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Like the sword of Damocles, the energy crisis hangs over the global recycling scene

The Gulf region was well-represented at the BIR world recycling convention in Dubai. Photo: Martijn Reintjes

Inflation, logistic issues, increased scrap trade hurdles and, most of all, widespread concerns over sky-high energy costs dominated the BIR world recycling convention in Dubai.

The energy crisis is causing major headaches among recyclers worldwide but especially in Europe. Confronted with ever-growing gas and electricity prices, production at high-energy facilities such as aluminium smelters and shredders has been cut back. 

Many among the 1 300 delegates gathered in Dubai have also been affected.

‘It is a nightmare and it does not look like this situation will change for the better soon,’ Jan Visser, managing director of electronics recycler Mirec in the Netherlands, told Recycling International on the sidelines of the conference. Visser has seen the company’s energy bills explode in recent months. ‘In 2021 we spend EUR 300 000 EUR on energy per year, that has gone up by a million to EUR 1.3 million,’ he said.

Mirec has an LCD flatscreen line, which Visser called a ‘major energy consumer’.

‘Huge problem’

At a press meeting as the event got underway, BIR president Tom Bird acknowledged that many recyclers were ‘struggling’ due to the energy crisis. Asked if the sector will be facing a situation where companies are forced to completely shut down operations, as predicted recently by the association of German steel recyclers BDSV, he replied: ‘Really, I cannot tell. It’s a huge problem, for sure. But every situation in every individual company and country is different.’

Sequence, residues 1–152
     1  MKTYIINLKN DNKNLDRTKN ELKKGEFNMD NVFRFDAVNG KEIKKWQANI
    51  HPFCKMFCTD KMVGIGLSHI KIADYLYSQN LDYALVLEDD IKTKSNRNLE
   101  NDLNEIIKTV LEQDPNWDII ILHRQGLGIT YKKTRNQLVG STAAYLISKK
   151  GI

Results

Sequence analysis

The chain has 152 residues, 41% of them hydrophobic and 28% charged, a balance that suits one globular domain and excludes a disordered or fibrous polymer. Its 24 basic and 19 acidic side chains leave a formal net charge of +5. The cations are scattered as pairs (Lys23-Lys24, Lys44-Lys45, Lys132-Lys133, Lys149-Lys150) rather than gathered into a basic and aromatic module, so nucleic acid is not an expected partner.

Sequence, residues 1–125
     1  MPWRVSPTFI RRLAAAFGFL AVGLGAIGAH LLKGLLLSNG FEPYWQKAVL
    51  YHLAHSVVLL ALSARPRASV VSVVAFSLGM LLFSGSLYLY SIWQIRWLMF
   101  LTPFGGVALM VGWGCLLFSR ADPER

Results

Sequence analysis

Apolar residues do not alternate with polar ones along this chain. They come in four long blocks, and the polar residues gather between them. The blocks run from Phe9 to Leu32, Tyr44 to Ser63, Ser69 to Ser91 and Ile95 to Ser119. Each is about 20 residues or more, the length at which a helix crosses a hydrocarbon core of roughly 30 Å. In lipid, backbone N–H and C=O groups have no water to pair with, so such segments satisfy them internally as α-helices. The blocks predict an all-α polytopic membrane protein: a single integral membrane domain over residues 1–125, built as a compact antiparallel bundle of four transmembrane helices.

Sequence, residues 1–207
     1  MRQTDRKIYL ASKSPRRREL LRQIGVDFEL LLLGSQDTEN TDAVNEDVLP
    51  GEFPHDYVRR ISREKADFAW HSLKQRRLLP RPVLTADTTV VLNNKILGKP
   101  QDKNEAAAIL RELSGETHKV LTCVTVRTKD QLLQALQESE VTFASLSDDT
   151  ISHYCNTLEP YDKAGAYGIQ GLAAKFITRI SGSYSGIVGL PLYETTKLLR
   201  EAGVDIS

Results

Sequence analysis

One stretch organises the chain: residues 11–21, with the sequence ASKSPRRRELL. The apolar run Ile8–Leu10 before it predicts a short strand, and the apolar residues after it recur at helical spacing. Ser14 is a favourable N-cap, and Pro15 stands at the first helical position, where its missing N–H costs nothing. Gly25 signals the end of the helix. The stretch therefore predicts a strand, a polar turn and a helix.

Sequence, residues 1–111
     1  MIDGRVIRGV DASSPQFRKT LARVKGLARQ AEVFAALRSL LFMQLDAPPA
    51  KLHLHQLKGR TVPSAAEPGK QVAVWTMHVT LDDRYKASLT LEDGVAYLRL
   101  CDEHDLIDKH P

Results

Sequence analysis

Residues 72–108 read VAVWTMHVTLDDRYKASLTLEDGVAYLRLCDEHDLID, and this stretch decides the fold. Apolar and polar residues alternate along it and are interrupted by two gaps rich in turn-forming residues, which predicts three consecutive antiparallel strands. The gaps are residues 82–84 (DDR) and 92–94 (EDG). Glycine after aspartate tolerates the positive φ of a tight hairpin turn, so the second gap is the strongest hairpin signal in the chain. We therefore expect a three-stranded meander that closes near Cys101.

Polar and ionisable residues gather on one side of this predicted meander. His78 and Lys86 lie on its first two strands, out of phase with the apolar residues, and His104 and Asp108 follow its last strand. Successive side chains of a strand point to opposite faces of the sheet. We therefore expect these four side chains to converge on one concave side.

European governments are working on compensation programmes to ease the pain for companies and business but experts suggest these will not be enough to fully compensate the losses.

Mirec, meanwhile, has no choice other than to pass the extra costs onto the purchase side. ‘Obviously, we are forced to talk with our material suppliers and pay them in order to secure our business for the future,’ says Visser.

Paper recyclers, too   

The high cost of energy – specifically gas – is also challenging paper recyclers who cannot pass on this cost in their sales prices because demand for their products is low due to the financial crisis, observed BIR paper division chair Francisco Donoso of Dolaf Servicios Verdes in Spain. ‘Therefore, the only cost they can manage somehow is what they pay for their incoming materials,’ he argued.

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